Monday, November 14, 2022

The Ghost Stories of E. F. Benson

NIGHT TERRORS: THE GHOST STORIES OF E. F. BENSON (2012) constitutes a collection of over fifty works by a classic early-twentieth-century author. It includes fiction from many different subcategories of horror, naturally. However, among them you'll find his vintage vampire stories.

"The Face" introduces a happily married woman who has suffered a pair of recurring dreams for many years. In the first, she approaches the graveyard of a ruined church on a cliff above the sea. In the second, the true nightmare, she reaches the cemetery, where she confronts the leering face of a man who declares he will come for her soon. Shortly after the most recent return of the dreams, she stumbles upon the man's portrait, two hundred years old, in an art gallery. Her health begins to decline. A seaside vacation to repair her shattered nerves, ironically, brings her to the cemetery of her nightmares, which holds the ominous man's grave. Our last glimpse of her shows her walking with the strange man, whose disinterred body is later found after a storm and landslide, perfectly undecayed.

In "The Thing in the Hall," seances and an experiment with hypnosis conjure an elemental, a creature like a large slug that first appears as a shadow and then grows more substantial. Its victims are found dead with their throats slashed.

Another slug-like elemental stalks in the better-known story "Negotium Perambulans." It haunts the vicinity of a house whose impious builder had constructed it from the materials of a church he destroyed. The current church contains a panel depicting "the figure of a robed priest holding up a cross, with which he faced a terrible creature like a gigantic slug." The narrator, however, inclines to the belief that the loathesome entity is a naturally evolved, material creature. It leaves its victims "skin and bones as if every drop of blood had been sucked out." The description of the thing itself provides as gruesome an image of stomach-turning horror as one could hope to find in classic supernatural fiction.

"And No Bird Sings" features a patch of woodland that drains life-energy from living creatures. The bloodthirsty dead woman in "The Room in the Tower" preys on her victims, guests in the titular room, through the medium of her portrait.

The title character of Benson's best-known vampire story, the often reprinted "Mrs. Amworth," stands out from most such creatures by her gregarious, forthright, down-to-earth personality. Far from shunning daylight, she loves the outdoors and gardening. First a living vampire (perhaps hereditary), she rises as a typical undead after she's accidentally killed. The narrator's best friend, a retired professor of physiology with an interest in the occult, plays the Van Helsing role, with the narrator as a Watson-like representative of the audience.

In addition to these tales of vampirism, the NIGHT TERRORS collection includes numerous acclaimed classic stories of terror (e.g., "How Fear Departed from the Long Gallery," "Caterpillars," and "The Wishing-Well," among others) as well as more obscure pieces seldom or never found in anthologies.

Margaret L. Carter

Please explore love among the monsters at Carter's Crypt.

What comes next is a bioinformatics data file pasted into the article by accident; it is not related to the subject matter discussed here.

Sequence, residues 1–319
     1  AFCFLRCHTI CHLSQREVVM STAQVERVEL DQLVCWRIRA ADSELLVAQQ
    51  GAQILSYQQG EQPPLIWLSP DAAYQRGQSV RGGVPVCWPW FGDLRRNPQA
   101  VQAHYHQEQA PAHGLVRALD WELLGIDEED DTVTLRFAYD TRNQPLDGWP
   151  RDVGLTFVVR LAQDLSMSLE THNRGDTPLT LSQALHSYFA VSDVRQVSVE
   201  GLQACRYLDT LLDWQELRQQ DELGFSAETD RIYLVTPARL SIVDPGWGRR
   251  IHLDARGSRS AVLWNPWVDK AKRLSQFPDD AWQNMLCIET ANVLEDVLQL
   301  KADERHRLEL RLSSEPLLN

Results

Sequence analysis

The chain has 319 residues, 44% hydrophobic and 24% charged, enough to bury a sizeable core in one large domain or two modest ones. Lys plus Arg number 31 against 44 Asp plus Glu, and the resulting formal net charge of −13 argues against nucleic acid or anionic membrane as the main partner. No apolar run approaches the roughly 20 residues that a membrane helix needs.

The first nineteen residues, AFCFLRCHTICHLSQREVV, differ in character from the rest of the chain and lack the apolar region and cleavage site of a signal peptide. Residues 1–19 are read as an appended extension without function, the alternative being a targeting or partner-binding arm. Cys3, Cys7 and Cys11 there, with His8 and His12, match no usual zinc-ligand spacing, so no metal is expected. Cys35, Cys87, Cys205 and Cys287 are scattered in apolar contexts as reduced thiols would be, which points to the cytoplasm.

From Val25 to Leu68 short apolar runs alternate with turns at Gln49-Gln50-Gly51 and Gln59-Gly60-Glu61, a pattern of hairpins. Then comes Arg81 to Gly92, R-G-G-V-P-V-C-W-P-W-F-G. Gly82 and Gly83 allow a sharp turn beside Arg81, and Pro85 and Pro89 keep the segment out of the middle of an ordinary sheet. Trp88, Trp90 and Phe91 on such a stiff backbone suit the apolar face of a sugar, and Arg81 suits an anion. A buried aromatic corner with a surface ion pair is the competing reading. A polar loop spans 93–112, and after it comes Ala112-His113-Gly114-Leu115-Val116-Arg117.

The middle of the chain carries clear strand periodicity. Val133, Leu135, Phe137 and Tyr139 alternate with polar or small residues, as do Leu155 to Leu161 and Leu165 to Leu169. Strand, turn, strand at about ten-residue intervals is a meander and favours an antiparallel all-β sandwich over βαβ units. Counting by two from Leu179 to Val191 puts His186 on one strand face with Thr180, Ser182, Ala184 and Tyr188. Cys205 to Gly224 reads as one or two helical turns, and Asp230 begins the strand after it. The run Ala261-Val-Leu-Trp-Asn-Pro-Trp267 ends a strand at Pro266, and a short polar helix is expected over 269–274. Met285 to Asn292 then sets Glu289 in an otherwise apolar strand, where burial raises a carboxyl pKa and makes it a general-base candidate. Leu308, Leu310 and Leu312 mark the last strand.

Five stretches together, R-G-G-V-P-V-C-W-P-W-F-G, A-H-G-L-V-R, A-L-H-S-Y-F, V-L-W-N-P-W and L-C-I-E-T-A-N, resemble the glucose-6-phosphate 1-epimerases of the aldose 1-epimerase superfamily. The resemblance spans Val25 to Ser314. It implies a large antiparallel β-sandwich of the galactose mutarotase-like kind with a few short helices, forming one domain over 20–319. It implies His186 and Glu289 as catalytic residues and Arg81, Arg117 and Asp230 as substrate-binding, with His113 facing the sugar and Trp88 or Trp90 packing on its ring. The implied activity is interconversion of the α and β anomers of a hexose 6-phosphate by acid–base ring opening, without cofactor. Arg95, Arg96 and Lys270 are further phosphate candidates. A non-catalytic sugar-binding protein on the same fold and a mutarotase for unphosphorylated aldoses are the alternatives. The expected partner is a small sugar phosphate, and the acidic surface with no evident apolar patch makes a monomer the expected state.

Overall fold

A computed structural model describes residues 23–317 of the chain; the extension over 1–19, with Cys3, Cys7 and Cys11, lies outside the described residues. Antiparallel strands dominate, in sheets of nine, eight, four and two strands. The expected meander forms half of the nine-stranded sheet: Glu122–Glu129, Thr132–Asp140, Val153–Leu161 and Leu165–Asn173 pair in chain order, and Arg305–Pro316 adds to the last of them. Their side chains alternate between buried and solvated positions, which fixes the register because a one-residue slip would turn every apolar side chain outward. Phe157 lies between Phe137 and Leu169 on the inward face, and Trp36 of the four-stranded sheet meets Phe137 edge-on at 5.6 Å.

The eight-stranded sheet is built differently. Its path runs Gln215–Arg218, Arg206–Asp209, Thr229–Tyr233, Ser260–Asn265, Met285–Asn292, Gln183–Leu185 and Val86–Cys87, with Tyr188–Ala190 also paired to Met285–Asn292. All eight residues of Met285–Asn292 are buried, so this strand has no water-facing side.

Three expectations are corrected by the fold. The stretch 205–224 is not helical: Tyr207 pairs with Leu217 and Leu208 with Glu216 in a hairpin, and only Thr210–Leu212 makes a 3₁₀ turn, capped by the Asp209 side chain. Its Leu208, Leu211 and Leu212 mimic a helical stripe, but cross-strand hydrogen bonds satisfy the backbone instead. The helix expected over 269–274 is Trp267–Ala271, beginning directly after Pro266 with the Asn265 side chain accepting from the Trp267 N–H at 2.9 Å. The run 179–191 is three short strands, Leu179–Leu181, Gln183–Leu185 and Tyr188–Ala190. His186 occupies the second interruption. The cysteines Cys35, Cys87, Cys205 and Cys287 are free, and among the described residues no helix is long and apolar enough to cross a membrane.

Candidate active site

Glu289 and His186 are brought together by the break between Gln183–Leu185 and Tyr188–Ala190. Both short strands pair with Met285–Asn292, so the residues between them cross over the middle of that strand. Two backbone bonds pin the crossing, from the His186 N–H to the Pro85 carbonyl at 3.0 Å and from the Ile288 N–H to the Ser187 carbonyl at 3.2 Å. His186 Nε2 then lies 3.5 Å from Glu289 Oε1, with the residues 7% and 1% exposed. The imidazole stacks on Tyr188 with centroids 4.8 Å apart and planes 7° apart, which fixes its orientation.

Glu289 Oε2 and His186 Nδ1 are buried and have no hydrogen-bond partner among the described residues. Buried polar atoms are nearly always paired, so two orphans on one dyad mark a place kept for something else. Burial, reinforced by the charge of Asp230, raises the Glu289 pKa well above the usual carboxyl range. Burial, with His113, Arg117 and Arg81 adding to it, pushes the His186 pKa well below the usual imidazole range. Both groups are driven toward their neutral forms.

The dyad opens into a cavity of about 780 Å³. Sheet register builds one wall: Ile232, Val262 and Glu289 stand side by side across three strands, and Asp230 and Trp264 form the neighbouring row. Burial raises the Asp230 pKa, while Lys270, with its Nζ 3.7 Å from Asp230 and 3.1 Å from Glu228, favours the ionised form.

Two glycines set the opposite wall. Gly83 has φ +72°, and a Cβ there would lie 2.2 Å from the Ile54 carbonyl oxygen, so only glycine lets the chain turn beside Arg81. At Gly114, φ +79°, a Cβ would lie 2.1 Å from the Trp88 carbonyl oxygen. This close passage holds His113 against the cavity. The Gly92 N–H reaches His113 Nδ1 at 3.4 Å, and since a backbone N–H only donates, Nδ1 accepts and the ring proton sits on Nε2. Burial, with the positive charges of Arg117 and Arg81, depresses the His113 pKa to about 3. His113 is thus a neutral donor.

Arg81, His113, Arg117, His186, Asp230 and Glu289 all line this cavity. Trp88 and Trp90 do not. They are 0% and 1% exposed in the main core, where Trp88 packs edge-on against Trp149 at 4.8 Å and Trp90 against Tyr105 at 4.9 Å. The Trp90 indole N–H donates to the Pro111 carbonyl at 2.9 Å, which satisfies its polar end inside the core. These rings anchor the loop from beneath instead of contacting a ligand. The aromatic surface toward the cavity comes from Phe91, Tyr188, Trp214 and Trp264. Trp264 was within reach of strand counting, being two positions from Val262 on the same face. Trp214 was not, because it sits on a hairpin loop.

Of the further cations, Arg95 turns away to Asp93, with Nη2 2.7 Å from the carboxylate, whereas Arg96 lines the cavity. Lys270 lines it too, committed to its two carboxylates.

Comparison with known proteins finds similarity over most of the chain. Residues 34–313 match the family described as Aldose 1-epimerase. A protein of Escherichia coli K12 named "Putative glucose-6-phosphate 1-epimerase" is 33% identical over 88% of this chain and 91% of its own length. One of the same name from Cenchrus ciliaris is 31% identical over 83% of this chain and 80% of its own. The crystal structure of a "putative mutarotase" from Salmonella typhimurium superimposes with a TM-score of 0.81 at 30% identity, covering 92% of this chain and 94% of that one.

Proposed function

Friday, October 14, 2022

Generation V

In GENERATION V (2013), M. L. Brennan designs a naturally evolved vampire species that's unique in at least one aspect of its biology, as far as I know. Fortitude, the protagonist, strenuously but ineffectively strives to reject the heritage of his species in favor of leading a quasi-human existence. He has a college degree in an impractical major, a job at a coffee shop, an unfaithful girlfriend, and an obnoxious roommate. Unlike most stereotypical Gen X bachelors coping with their first experiences of “real life,” however, he belongs to a family of vampires. Not having yet made the “transition” to adult vampirism, he is still mostly human. Fort detests his need to drink blood from his mother at regular intervals and postpones it each time as long as possible. The analogy with a human slacker dude living off his parents is probably intentional.

Because, contrary to the usual custom, he was brought up until the age of nine by human foster parents, he also clings to human attitudes that baffle his mother and two siblings, Chivalry (brother, who has a human wife he truly loves) and Prudence (sister, the most sociopathic member of the family). These vampires become biologically more inhuman with increasing age, e.g. in prominence of fangs and intolerance for sunlight and solid foods. It's their mode of reproduction, though, that especially sets them apart from other fictional vampires. Both males and females have functioning genitalia but lack the ability to reproduce. Instead, they must create “hosts” through a blood-exchange process that changes the human victim’s physiology so radically that offspring conceived by him or her have vampire DNA. Creating a viable host is a difficult procedure few vampires succeed in accomplishing. Madeline, Fort’s mother, is highly unusual in having managed to create two hosts, male and female. Unfortunately, the process eventually reduces the human subjects to an animalistic, uncontrollably violent condition.

Near the beginning of the novel, a vampire from a different territory arrives to pay his respects to Madeline. When he turns out to be a homicidal pedophile, Fort becomes determined to rescue the villain’s one surviving abductee, a little girl. Fort’s family members refuse to help with what they see as an irrational mission that violates vampire etiquette. Like many urban fantasy works, this book and its sequels complicate the protagonist’s life by involving representatives of other monstrous species, such as a kitsune hired by Madeline as a bodyguard for Fort. In dealing with various nonhuman allies and antagonists as well as coping with his transition to full adulthood, Fort repeatedly finds both his principles and his competence tested. This series contains a bracing blend of suspense, humor, character growth, and ethical quandaries.